A passion for beauty is surely the purest treasure artists bring to the world. Whether it's the beauty of raw truth or exquisite form, the artist is compelled to embody it in their work.
At least, that's where we start.
We don't always stay on that track. And you can feel the difference in the work. Paintings made specifically to sell, for example, carry the vibration of that intention and feel different from passionate, personal artwork.
Similarly, paintings made to look good can feel impersonal. Many abstract paintings feel anonymous and personalityless. I had to face this problem myself in 2010.
At that time I enjoyed letting my paintings create themselves. This is still part of my process - letting the painting build itself in layers and take form.
Yet I remember the day in my studio when I realized I was avoiding something.
I had just completed a lovely painting and come up with a title for it: Jeweled Planet of Naboo. Nothing wrong with that. But on this particular day I realized it wasn't enough. Other artists were out there expressing their deepest-felt passions in their work, and here I was picking a title because it matched what happened to come out on my canvas.
I was hiding. I wasn't willing to commit to being dimensional and intentional and leaning into the vibrancy of my living thoughts and wishes. I wasn't brave enough to invest my real, full human being, heart and Soul, into my work.
"What kind of a life's work is that?" I thought.
It dawned on me that, as someone who journaled obsessively, maybe I did have something to say. So I turned to my journal for a title that meant something to me before starting my next painting.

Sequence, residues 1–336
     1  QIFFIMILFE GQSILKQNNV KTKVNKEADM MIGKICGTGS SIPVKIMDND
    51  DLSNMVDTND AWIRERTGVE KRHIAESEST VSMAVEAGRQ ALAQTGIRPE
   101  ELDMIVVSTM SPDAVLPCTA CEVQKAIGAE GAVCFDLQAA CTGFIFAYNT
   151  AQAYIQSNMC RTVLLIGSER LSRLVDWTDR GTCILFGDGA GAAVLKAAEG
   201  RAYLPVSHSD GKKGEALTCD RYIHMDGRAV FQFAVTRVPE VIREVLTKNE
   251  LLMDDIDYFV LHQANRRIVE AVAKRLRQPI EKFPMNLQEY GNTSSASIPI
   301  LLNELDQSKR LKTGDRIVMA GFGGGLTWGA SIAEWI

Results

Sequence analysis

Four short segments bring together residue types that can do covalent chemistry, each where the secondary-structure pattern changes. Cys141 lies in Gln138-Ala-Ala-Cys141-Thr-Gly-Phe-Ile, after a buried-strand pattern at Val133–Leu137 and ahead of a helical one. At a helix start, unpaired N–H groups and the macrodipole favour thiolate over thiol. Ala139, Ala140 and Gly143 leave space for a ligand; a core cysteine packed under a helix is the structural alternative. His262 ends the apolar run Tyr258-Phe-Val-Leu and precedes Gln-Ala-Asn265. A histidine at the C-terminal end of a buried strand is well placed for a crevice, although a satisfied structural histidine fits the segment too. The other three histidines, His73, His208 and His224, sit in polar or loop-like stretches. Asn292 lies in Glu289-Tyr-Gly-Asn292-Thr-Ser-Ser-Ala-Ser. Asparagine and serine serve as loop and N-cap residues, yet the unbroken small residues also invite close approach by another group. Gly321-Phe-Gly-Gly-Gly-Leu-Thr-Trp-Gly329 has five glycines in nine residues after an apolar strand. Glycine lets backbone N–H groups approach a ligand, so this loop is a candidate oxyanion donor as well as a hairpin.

Thus began my quest to capture in abstract paintings the essence of the amazing moments and things I loved.
Now my work includes many pieces embodying dreams and spiritual experiences. Just as vast a resource are the things around you that you love. For example, the inspiration for the painting above was a photograph I had torn out of a Heifer International catalog (2006) and tucked in my "inspiration folder."
The success of my quest to paint with personal passion revealed itself recently when my sister was telling me how much she enjoyed, every day, one of my paintings on a prominent wall in her home. I asked, "What about the piece that was there before?"
"It didn't last," she said.
The thing about paintings you put your honest self into is, they last.
It has been a profound joy to find ways to help myself and other artists to embody passion and personal inspiration in every abstract painting.
Below you can see an amazing range of very personal, passionate paintings by artists who took my workshop, The Inspired Abstract. Next, I hope to see the paintings you'll create!